What did we learn from Groundhog Day?

Well, Groundhog Day has come and gone, and what do we know?  According to Wikipedia, someone actually tracks this from various festivals, and 9 of the 21 groundhogs tracked predicted 6 more weeks of winter.   The most famous one, Punxsutawney Phil, predicted 6 more weeks of winter.  Also, to get scientific, the National Climatic Data Center reportedly has stated that groundhogs’ overall prediction accuracy is around 39 percent.  That doesn’t seem very good.   Although, I wonder how accurate most weathermen are…

But all this is a moot point anyway.  The official first day of Spring is almost 7 weeks after Groundhog Day.  And besides that, the whole thing seems backwards.   If he doesn’t seem his shadow, it means winter will soon end.   But here it was all cloudy and cold, looking and feeling very much like winter.  A sunny day would seem more like spring is on the way.  But what do I know?  I’m no groundhog (though I have been known to do some weather prognosticating from time to time).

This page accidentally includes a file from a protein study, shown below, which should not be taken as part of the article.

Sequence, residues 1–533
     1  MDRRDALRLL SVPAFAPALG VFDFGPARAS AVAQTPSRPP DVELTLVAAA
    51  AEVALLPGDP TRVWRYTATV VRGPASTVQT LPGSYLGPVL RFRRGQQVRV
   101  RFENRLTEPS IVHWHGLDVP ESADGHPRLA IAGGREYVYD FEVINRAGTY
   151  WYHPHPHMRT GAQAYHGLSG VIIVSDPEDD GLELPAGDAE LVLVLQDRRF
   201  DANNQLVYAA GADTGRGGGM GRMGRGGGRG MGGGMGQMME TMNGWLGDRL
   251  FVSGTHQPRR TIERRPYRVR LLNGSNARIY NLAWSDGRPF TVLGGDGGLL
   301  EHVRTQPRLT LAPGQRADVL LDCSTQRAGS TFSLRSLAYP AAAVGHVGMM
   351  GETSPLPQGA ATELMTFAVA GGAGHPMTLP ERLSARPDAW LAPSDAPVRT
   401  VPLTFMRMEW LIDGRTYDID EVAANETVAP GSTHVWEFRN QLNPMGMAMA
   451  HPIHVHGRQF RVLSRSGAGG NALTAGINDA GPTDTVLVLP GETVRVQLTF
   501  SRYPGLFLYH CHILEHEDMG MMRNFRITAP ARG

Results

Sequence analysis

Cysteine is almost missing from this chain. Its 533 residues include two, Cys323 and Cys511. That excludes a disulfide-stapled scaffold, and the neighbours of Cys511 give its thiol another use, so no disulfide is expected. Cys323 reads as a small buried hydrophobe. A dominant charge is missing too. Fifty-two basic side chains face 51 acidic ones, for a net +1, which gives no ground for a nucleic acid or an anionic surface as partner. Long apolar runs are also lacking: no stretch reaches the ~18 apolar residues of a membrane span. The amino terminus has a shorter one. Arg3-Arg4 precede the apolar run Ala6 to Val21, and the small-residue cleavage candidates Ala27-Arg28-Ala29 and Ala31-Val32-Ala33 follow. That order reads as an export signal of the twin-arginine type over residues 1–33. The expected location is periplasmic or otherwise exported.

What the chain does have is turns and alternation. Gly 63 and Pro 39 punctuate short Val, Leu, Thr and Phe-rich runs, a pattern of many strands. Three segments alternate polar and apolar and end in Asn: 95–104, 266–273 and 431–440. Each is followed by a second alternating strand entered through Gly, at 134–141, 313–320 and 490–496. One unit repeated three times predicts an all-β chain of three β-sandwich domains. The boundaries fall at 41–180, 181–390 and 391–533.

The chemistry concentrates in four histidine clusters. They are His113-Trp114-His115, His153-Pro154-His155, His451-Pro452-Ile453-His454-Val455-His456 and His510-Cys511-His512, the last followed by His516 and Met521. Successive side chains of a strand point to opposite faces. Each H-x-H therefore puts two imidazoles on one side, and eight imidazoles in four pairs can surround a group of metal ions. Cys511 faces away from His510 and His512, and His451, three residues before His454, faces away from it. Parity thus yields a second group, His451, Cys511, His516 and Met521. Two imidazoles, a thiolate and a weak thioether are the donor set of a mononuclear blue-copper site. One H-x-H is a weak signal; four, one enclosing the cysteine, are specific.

Did you know Groundhog Day originally involved badgers or bears?  Today it seems widely accepted to use groundhogs, but that is changing in some parts:

In Alaska, February 2 is observed as Marmot Day rather than Groundhog Day because few groundhogs exist in the state. The holiday was created by a bill passed by the Alaska Legislature in 2009 and signed by then-Governor Sarah Palin that year.

Okay, the tradition is silly enough in premise.   I understand getting together to party and eat, but do people really take this seriously?  Apparently so, if the Alaska Legislature is going to waste the time creating and voting on a bill about it.  But I don’t know why…

On a more random note, in the video game Animal Crossing (the GameCube version), the mayor announces on February 2nd that it’s the day “the groundhog fairy comes around to give groundhogs to all the good little boys and girls”.   That’s random…